I don’t normally waver in parenting decisions: I’ll do my research, discuss with my husband and together come to a conclusion fairly easily. When it came to sending my toddler to preschool, however, I couldn’t come up with an easy answer. I would read an article about the benefits of preschool and feel convinced to sign him up right away, only to question my choices when reading another article on the reasons not to. This wasn’t going to be an easy decision.

Preschool: yes or noMy husband and I had to sort through several issues, including:

  • The cost of preschool. Sending our son to preschool would increase our childcare/educational costs.
  • His readiness and willingness to attend. My toddler isn’t used to other kids, so I wasn’t sure if we should wait a while before sending him.
  • Potential benefits he may receive from attending preschool. When I toured the schools, I was impressed with what the kids were able to do and realized that preschool could offer a thriving learning experience.
  • How to fit our work schedules with those of the preschool’s. Some preschools ended at different times of the day and we needed one with a flexible schedule that works with our office hours.
  • Our preference that our toddler be potty-trained first. Even though some preschools didn’t require potty-training, my husband and I still prefer that he know how to use the potty before going to school.
  • The increased sicknesses he’ll likely to succumb to. As a three-year-old, my toddler has impressively only been sick a handful of times. I’m pretty sure that once he’s around more kids he’ll start getting sick a whole lot more often.
  • Our desire to expose our toddler to other kids his age on a regular and scheduled basis. I’ve always wanted my baby-turned-toddler to have one-on-one time with an adult, but he needs regular time with kids as well.
  • Whether school would limit his “free” childhood. At the same time, I didn’t want to steal his childhood and enroll him into school too early. I still want him to have the ability to more or less decide how he wants to spend his time.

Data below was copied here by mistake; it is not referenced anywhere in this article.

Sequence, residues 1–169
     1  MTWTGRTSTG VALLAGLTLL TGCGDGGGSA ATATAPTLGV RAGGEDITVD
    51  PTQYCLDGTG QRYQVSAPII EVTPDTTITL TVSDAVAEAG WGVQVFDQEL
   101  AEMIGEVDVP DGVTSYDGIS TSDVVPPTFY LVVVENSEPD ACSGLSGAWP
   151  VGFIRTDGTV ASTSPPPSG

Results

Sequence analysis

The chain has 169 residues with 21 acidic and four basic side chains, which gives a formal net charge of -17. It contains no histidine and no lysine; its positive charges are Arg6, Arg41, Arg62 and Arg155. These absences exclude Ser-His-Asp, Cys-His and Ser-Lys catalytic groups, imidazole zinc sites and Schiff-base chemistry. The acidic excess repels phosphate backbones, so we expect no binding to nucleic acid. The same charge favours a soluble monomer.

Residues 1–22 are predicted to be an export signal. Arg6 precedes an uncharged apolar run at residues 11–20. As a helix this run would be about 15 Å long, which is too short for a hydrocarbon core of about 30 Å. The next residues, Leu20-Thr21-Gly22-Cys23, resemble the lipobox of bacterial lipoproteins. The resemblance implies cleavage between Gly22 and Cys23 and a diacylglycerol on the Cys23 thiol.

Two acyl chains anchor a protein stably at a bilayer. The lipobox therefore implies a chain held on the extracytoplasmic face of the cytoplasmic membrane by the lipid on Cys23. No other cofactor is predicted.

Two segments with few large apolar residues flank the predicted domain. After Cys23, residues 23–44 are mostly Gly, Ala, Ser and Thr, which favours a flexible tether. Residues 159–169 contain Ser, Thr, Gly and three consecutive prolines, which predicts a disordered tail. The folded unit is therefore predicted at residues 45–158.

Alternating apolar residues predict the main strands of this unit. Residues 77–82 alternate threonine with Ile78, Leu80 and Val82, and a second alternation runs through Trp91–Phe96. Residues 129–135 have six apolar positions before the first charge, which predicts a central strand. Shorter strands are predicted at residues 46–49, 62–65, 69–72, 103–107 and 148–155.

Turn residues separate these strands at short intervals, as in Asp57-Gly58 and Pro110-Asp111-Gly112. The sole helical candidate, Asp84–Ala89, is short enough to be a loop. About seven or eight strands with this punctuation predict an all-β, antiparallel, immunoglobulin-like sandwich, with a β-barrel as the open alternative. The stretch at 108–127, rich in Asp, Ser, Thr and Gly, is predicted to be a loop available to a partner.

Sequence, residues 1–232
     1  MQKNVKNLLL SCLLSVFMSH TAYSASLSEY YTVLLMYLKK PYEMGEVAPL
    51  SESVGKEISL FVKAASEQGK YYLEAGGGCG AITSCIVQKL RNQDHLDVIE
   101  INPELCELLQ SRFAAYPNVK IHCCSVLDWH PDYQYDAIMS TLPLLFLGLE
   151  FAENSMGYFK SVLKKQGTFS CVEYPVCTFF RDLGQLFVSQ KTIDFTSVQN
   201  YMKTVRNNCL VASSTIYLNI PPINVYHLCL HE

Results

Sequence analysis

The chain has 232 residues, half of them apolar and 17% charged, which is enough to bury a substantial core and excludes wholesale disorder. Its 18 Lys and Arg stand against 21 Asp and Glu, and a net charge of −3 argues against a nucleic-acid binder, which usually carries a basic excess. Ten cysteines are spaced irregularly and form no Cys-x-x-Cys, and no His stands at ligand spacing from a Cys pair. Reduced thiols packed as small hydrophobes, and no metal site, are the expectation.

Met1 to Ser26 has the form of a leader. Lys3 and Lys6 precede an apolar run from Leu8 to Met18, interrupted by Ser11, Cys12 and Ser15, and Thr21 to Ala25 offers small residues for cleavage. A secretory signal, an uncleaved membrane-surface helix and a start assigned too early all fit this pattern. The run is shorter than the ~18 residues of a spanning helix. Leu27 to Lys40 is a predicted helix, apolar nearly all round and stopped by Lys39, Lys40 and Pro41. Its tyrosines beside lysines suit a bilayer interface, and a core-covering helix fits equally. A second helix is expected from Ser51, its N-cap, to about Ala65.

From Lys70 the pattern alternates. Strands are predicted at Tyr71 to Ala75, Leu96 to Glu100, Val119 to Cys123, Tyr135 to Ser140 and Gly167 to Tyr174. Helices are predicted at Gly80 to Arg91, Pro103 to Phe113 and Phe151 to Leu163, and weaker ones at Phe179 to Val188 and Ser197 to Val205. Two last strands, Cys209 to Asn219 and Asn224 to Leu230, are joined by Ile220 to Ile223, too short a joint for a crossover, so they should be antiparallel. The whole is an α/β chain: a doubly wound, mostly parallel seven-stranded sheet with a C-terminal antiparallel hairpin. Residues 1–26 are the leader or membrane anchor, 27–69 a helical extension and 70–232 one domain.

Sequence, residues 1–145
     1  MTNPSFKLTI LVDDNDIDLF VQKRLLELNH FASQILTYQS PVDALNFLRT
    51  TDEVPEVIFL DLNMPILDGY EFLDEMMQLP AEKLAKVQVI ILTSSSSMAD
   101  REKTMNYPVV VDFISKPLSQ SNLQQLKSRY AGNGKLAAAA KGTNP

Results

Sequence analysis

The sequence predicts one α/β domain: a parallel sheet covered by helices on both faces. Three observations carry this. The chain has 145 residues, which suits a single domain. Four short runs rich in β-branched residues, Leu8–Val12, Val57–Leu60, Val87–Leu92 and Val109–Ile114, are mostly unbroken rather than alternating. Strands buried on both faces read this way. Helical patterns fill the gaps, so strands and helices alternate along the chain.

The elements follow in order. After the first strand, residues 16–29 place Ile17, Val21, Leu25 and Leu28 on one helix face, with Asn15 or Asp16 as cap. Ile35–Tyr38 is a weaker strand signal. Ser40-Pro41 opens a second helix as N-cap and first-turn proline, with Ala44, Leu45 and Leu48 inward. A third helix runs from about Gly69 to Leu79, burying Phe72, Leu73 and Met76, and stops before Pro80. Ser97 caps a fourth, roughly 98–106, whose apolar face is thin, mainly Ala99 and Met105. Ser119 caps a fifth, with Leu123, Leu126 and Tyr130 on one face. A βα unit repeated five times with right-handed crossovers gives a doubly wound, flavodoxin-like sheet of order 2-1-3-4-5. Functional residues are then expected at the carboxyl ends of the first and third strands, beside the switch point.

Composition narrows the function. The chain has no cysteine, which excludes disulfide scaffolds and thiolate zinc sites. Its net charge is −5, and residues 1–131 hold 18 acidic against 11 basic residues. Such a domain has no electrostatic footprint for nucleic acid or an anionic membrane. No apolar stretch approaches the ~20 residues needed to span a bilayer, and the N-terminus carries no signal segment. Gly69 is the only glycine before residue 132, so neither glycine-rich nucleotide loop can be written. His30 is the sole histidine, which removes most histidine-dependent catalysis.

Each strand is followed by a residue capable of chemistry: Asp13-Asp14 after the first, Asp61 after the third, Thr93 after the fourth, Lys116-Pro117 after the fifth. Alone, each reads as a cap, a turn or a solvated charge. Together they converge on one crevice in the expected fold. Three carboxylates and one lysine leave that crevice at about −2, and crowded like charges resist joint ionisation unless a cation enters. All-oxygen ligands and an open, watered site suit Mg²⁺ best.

• And even something simple as whether I could pack hot lunches for him. I love how my toddler eats healthy food and didn’t want to resort to processed food for his lunch and snacks. I feared that he would have to eat school lunches or cold sandwiches every day.

My search began with greatschools.org where I found three nearby preschools that were well-rated. The first was a Montessori school whose positive aspects included a quiet classroom and involved students, but since each class was in one singular room, they still seemed crowded. They also didn’t heat up the children’s food and even encouraged outside vendors to sell lunches. Since I’m all about home-cooked healthy food, this wasn’t too enticing.

The second preschool was by far the worst match of the bunch that I toured. The place seemed rowdy and uncontrolled. The rooms felt crowded with kids and teachers. The noise level was too high. Plus, they had “computer time,” which for me isn’t a benefit and instead a detriment to kids this age. None of this matched too well with my son.

So imagine my delight when I toured a third school, also a Montessori school like the first, but nearly perfect for our needs. The facility had several rooms so that teachers could break up the students into smaller groups. The students were also quiet and well-behaved instead of running around (unless they were outside playing or responding to story time). I liked how they didn’t have any computers, and they even heated up whatever food parents brought.

In short, I imagined my son thriving in this environment. I was impressed with the skills that the other children had acquired, and that each activity had a purpose, whether it was to practice their handwriting skills or learn the meaning behind numbers. The schedule was very flexible, and the location conveniently nearby.

I sent in our application but delayed his admittance since he has a few more years before starting kindergarten (due to when his birthday lies in the school year). He’ll also hopefully be more ready and willing to go to school and socialize with others his age when he’s a bit older.

Whether to send your child to preschool or not lies on several factors, from major ones like cost and the child’s readiness to miniscule details like whether they’ll heat up your kid’s lunches. And each preschool may serve different kids’ needs: some are loud and boisterous just like some children while others are more focused and calm like others.

I want my son to benefit from preschool while still striking a balance with him having an unstructured childhood. After all, he’s going to be in school for several years ahead. But I also feel like preschool would offer him room to grow and thrive.

Since this whole post was about my decision to enroll our son in preschool, I wanted to mention two favorite bloggers of mine, Living Undone and But Mostly Mommy, who write compelling reasons as to why they decided not to send their children to preschool.

Are you sending your kids to preschool? What are your reasons for doing so or not?

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